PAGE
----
Why Poor Sleep Can Do Serious Damage to Your Health
I know that this is technically a nutritionist blog, and we have talked a lot about food and its benefits in the past. We have also talked a little bit about the benefits of exercise. But there is one aspect of health that we have surprisingly not covered on this blog. It is something we do every day but seem to not get a good grasp on. I am, of course, talking about sleep.
Statistically speaking a little more than 1/3rd of the American population are getting the recommended amount of sleep. And of course, like our obesity statistic that we really aren’t proud of, “A lower proportion of adults reported getting at least seven hours of rest per day in states clustered in the southeastern region of the United States and the Appalachian Mountains.” So, there is a good chance that most people in the Alabama area are probably not getting enough rest.
“But what does it matter? I can rest when I am dead!”
I hear this addage from a lot of people, usually older than me, who shove aside any major health concerns to keep doing what they are doing.
It turns out, living without proper rest can do a lot of damage to your body, as well as your livelihood.
Lack of Sleep Will Make You Fat
While correlation does not always mean causation, there has been a direct link to sleep deprivation and glucose imbalance. According to a US study published in 1007 by James E Gangwisch “A key reason to consider sleep duration as a putative risk factor is evidence of a plausible biological mechanism linking shorter sleep to higher risk of obesity and diabetes.”
The explanation provided in the study was stated as such, “The increased load on the pancreas from insulin resistance induced by chronically short sleep duration can, over time, compromise β-cell function and lead to type 2 diabetes. ”
And that is only the pancreas. There are hormonal imbalances that come with not being well rested. Including hormones that control your appetite.
If you aren’t well rested you will be hormonally driven to eat sugary foods for a quick burst of energy.
“Leptin tells your brain that you’ve had enough to eat. Without enough sleep, your brain reduces leptin and raises ghrelin, which is an appetite stimulant. The flux of these hormones could explain nighttime snacking or why someone may overeat later in the night. A lack of sleep can also contribute to weight gain by making you feel too tired to exercise.”
Lack of Sleep Hurts your Mood
Have you ever been feeling like you are at the end of your rope? Do you just never want to get out of bed? Is the state of the world too depressing? One of the causes of these feelings could come from a lack of rest There have been a series of scientific studies that link insomnia (a sleep deprivation disorder) with depression.
According to a presentation by Melinda Ratini DO MS,” Over time, lack of rest and sleep disorders can contribute to the symptoms of depression. In a 2005 Sleep in America poll, people who were diagnosed with depression or anxiety were more likely to sleep less than six hours at night.”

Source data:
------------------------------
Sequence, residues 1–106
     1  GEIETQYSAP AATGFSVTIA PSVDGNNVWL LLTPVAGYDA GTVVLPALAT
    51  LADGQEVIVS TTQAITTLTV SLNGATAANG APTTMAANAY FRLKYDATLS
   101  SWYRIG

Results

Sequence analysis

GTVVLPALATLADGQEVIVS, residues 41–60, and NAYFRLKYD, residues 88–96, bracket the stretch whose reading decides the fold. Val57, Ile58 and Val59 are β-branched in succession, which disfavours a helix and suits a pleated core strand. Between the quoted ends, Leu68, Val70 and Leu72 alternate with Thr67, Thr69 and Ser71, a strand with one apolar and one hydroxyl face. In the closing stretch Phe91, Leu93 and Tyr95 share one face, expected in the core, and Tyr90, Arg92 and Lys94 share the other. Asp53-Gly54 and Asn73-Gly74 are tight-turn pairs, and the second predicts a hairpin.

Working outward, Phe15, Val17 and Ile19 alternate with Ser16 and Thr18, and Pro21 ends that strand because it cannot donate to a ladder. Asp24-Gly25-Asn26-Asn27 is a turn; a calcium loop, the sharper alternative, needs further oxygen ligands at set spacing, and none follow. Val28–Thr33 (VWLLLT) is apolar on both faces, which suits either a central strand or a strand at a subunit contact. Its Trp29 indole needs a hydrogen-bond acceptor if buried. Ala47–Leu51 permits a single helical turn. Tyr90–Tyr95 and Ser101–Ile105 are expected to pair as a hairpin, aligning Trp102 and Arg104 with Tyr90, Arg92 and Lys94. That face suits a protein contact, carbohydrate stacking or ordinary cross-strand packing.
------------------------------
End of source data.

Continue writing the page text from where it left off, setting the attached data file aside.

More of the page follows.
And that is not all it can do.
Healthline explains it best, “Sleep deprivation also negatively affects your mental abilities and emotional state. You may feel more impatient or prone to mood swings. It can also compromise decision-making processes and creativity.
If sleep deprivation continues long enough, you could start having hallucinations—seeing or hearing things that aren’t there. A lack of sleep can also trigger mania in people who have manic depression. Other psychological risks include:
- impulsive behavior
- suicidal thoughts”
If you are suffering from a lack of sleep you will literally feel like killing yourself. Or at the least doing something outrageously dangerous and illogical, which brings me to my next point.
Lack of Sleep Can Make You Stupid
If your central nervous system and hormones are already on the fritz from a lack of energy, then what does it mean for your day to day life?
For starters, it can make learning new things harder.
“For you to be able to access a memory, that memory first has to be encoded into your brain (and you have to have been paying attention when it happened). Without that time to consolidate your experiences at night, you won’t retain what happened during the day.”
And with less memory to work with you are apt to make the same mistakes multiple times.
You also wind up less alert to your surroundings, causing a lack of self-awareness during a work day at best, and a car accident happening to you at worse.
Over 1/3rd of Americans are running around sleep-deprived, unaware of their surroundings, unable to retain memories, and are most likely obese, anxious and outright depressed. How many of those people are in important positions of power? How many of these people are we implicitly trusting with that sort of mental state? It’s a scary thought. But what can you do to make sure you get a proper night’s rest? Find out next week at www.beksbites.com